A Study of the Epistle to the Romans
Salvation: The Divine Method of Justification
How does God do this? "Freely!" The Greek word is "dorean". A whole sermon is contained in that word. When the Lord Jesus Christ said, "They hated me without a cause," that Greek word was used in the text. "They hated me dorean." Let us read this text that way: "Being justified without a cause." There is no cause in the sinner that God should justify him; the cause is all in Christ. The same word is used by Paul in saying, "Neither did we eat any man's bread for "nought" (2 Thess. 3:8), that is, "for nothing." Paul is saying, "We did not eat any man's bread for nothing." Insert these two words into the text: "Being justified for nothing." How much does it cost to be justified? Not a thing! "Being justified with a cause; being justified for nothing." You did not pay a cent for it. But that doesn't mean that it was cheap.
By His Grace
Now the next phrase. How was it done? "By his grace!" He first of all says that we had nothing to do with it, then he turns around and shows God did it. It was the unmerited, undeserved favor of God!
He did it through something, namely, "the redemption that is in Christ Jesus." "Redemption" mean to set free, to liberate by the paying of a price. That is what God did in Christ. He set you free from your sins because He paid the price. They say, "Salvation is free," and so it is. Salvation does not cost you a thing, but salvation cost God the sacrifice of His only Son.
Verse 24 is part of the flow of thought from verse 22. "They that believe are justified freely by His grace through the redemption that is n Christ Jesus." Remember, verse 23 is a parenthesis.
We have here in these two verses (25-26) some things that ought to make men tremble as they behold the majesty of that God who sits in the heavens and establishes His justice through the Cross of Christ. Cowper, the poet, was a lost man. He began to realize that he was a sinner and came to the point where he was almost ready to take his life. He was in despair because he knew he had no righteousness of his own. He said, "One day when I was walking the floor, I decided to pick up the Bible and see if there was anything to help me. My eye fell on Romans 3:25. I saw the light in that verse and it saved me!"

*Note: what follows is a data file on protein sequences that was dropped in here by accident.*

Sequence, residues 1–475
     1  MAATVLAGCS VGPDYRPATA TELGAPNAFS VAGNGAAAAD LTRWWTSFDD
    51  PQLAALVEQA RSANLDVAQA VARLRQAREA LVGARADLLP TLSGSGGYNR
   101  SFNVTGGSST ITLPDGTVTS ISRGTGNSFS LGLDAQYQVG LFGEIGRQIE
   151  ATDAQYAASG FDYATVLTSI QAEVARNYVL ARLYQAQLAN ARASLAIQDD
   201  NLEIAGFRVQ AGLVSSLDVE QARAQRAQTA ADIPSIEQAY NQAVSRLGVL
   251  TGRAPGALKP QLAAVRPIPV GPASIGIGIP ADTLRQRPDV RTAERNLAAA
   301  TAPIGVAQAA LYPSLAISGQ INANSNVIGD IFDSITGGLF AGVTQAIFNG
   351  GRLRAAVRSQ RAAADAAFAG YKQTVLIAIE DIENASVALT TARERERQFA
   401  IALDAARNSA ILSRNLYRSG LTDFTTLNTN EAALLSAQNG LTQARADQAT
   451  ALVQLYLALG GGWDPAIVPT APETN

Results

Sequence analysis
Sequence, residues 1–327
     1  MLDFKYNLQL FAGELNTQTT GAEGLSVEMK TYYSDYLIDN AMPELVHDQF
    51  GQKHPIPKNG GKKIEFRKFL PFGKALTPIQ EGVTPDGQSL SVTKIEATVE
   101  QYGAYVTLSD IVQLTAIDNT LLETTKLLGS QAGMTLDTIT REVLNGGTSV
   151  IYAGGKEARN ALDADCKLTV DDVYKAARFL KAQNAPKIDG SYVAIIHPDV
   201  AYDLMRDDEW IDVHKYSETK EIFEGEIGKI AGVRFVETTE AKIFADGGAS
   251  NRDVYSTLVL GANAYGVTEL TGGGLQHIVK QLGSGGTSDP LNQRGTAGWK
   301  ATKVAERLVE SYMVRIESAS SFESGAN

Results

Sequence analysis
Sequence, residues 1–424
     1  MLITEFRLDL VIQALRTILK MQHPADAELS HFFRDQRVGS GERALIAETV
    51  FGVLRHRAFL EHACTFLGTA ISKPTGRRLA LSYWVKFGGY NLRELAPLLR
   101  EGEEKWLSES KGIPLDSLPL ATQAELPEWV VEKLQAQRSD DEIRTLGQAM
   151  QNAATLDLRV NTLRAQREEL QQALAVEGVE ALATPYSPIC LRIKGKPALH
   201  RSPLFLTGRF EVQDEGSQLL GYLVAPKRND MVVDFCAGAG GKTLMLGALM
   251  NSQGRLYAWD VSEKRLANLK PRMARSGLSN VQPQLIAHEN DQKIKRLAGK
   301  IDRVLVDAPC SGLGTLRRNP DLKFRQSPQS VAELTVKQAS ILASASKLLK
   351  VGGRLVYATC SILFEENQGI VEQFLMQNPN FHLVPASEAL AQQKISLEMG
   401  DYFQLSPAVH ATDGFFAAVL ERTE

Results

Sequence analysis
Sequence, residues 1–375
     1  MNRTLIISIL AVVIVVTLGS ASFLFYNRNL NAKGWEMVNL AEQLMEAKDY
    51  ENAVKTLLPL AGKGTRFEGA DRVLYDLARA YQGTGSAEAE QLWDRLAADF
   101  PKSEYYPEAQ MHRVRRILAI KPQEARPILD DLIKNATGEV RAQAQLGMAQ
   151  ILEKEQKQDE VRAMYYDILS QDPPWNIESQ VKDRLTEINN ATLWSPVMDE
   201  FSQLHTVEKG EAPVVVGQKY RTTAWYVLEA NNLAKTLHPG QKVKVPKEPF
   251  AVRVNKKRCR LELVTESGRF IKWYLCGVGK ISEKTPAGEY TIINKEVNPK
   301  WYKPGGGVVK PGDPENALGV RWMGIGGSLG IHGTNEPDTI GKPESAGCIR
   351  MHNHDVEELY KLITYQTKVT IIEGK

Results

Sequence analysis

First of all, Paul says that God has set forth Christ to be a propitiation." A "propitiation" is a reason for not executing punishment which is deserved. The Greek word is the same word that is applied to the mercy seat in the Old Testament, where the blood was sprinkled. The only reason that God set aside judgment was that a broken law was covered by the blood on the mercy seat. The mercy seat was the only thing that saved them. "God hath set forth Christ to be a propitiation."
But there are two other things there: "Through faith" and "in His blood." There ought to be commas after "propitiation" and after "faith," because His propitiation is in His blood and not through faith in His blood. Propitiation cannot be had without blood, yet propitiation is not operative without faith. Propitiation may be made, but it avails me nothing until I believe, and so the two elements must be present to have propitiation and to have it operative. First, the propitiation, Jesus Christ; He must be slain, His blood shed. Then there must be faith in Him.
Why did God make Christ a propitiation? Why was it necessary for there to be the Cross? Why did Christ die on the Cross? A quick answer might be that He died to show God's love. Thank God, He did die to show God's love, but that is not the primary purpose. "To declare His righteousness for the remission of sins that are past, through the forbearance of God" (v. 25). To declare His righteousness, not His love. But why did God's righteousness need to be declared? Doesn't everybody know that God is righteous? "For the remission of sin that are past." That is a poor translation for the Greek word rendered "remission." The sins of the Old Testament were never taken away until the Cross of Christ. This word "remission" means that His judgment was suspended. God "winked" at sin, as the word is translated in Acts 17:30. In the Old Testament, God's character was under a shadow. Psalm 50:16-23 explains the situation: "These things hast thou done," and God says, "I kept silence." God did not do anything bout it. Then what happened? "Thou thoughtest that I [God] was altogether such an one as thyself!" Man went on and sinned, and because God did not do anything, man said, in his estimate of God, "God is just like I am. He does not punish sin; He is indifference." And God says, "I will reprove thee and set them in order before thine eyes."
~Alva J. McClain~
(continued with # 36)